While data shows the vaccines are safe and that there is little downside to getting another shot, Biden officials did not feel the data was strong enough to tell all eligible individuals they should get a second booster shot.
Outside experts have debated the age at which second boosters should be made available — and the broader question about whether and when all eligible adults will need a fourth dose of the mRNA vaccines. That will be discussed April 6 by the FDA’s outside vaccine experts, who will also consider whether the vaccines should be adjusted to combat potential variants more effectively.
Many scientists who support a fourth dose for some older adults see little evidence that people younger than 60 or even 65 would clearly benefit. Federal officials said they were expanding eligibility to a lower age to avoid confusion and because underlying health risks were relatively common among people older than 50.
“I don’t think we have good clarity,” said Jason Goldman, a physician in Florida who is also a liaison member of the CDC’s panel of vaccine experts, the Advisory Committee on Immunization Practices.
“I would have liked to have seen more clarification,” Goldman said "… [the CDC] could say, ‘We don’t have the data to give a definitive recommendation, but you can consider it in these scenarios.'”
Like other clinicians, Goldman said he has been bombarded with questions from colleagues and patients seeking more information. One colleague wanted to know what to advise a healthy patient in his 60s, who has been fully vaccinated and boosted and also been infected with the coronavirus. Another asked about a patient in his 80s who had no risk factors.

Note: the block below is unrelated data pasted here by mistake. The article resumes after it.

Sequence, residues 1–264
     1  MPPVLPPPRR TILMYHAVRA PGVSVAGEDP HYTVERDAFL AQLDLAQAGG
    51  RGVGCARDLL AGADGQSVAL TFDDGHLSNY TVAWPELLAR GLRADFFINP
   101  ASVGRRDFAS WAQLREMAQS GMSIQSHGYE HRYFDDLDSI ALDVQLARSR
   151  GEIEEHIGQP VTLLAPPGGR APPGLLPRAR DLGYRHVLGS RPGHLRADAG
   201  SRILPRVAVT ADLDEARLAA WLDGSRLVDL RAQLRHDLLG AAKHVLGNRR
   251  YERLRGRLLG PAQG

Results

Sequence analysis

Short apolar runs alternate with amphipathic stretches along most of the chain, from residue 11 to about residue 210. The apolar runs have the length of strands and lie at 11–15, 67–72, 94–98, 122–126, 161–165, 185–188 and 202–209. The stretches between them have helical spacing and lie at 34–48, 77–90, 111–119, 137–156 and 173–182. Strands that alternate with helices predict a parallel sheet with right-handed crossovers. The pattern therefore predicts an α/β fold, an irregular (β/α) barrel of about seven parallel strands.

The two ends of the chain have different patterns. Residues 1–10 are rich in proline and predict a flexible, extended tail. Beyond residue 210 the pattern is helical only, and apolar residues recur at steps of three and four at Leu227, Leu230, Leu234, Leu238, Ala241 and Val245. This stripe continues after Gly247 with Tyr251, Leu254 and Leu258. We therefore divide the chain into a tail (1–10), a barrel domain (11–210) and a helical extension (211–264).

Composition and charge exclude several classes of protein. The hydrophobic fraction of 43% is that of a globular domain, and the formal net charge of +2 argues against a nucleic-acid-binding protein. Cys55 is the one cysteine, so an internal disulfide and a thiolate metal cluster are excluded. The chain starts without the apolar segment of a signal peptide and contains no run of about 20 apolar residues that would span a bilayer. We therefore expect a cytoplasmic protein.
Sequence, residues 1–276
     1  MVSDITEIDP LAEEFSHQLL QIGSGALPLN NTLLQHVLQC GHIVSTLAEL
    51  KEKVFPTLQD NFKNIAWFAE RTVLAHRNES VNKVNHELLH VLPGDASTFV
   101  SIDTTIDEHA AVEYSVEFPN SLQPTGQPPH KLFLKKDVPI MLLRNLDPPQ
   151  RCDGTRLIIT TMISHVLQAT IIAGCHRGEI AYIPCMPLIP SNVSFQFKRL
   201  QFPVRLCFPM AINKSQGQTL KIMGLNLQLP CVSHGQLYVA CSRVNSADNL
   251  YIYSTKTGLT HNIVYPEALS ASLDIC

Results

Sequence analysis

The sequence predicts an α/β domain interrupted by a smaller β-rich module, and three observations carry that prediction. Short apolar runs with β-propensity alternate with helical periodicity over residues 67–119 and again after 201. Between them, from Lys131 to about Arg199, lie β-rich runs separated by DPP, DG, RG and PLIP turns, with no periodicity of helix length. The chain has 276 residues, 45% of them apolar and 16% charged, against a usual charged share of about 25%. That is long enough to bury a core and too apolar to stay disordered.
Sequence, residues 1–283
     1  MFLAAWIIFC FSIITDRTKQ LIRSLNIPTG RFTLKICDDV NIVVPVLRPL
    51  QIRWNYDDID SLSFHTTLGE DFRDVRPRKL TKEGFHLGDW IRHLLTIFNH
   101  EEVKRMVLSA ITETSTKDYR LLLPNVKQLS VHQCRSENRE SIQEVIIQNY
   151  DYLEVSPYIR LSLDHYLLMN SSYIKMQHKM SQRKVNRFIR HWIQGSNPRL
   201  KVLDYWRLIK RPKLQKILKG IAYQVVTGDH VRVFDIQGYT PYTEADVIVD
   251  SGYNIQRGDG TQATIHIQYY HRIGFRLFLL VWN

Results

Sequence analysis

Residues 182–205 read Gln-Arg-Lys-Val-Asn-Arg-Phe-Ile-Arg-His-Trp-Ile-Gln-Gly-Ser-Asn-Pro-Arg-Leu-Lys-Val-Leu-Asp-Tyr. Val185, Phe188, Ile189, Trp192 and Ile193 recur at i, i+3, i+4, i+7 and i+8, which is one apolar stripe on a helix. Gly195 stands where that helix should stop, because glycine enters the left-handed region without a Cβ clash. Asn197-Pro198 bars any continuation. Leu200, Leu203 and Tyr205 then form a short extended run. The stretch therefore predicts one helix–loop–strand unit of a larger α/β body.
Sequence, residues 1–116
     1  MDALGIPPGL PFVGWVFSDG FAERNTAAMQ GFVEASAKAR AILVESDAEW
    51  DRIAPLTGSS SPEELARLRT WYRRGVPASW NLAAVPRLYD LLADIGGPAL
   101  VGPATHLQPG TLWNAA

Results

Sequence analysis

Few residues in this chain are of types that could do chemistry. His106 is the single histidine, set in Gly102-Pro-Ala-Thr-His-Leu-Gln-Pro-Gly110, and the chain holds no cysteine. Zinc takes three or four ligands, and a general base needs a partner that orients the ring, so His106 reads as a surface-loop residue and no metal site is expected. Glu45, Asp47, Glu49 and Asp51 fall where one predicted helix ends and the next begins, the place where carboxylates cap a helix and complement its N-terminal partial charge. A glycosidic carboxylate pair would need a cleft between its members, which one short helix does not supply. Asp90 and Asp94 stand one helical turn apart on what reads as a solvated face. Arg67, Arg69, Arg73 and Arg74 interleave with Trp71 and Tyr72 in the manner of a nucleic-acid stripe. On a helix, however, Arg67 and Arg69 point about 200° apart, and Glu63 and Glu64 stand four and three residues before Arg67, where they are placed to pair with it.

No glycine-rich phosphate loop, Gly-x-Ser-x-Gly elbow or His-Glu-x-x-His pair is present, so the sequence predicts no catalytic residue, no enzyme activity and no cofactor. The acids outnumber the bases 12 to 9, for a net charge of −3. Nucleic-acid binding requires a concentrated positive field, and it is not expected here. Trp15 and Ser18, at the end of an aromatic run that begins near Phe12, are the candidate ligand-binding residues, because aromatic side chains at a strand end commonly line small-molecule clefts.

Goldman said he has passed on questions to CDC staff and hopes the agency can provide more clarity by updating its website in coming days.
At the same time, he said evidence in support of a fourth dose is limited and mixed, based largely on data from Israel. But it’s hard to compare the United States to Israel, Goldman said, because of that nation’s high vaccination rate and comparative homogeneity.
Doctors say one of their biggest challenges in trying to help their patients make decisions on fourth shots will be time. They typically have around 15 minutes with each patient, and it’s impractical to expect they’ll be able to walk through a patient’s medical history and determine whether the fourth shot makes sense for them.
Guidance can’t cover every individual case, but if that guidance clearly lays out … these are the things you should consider, that makes it easier for a primary care physician to make these decisions,” Lawler said. “They don’t have three hours with every patient to dig through the literature to decide with each patient.”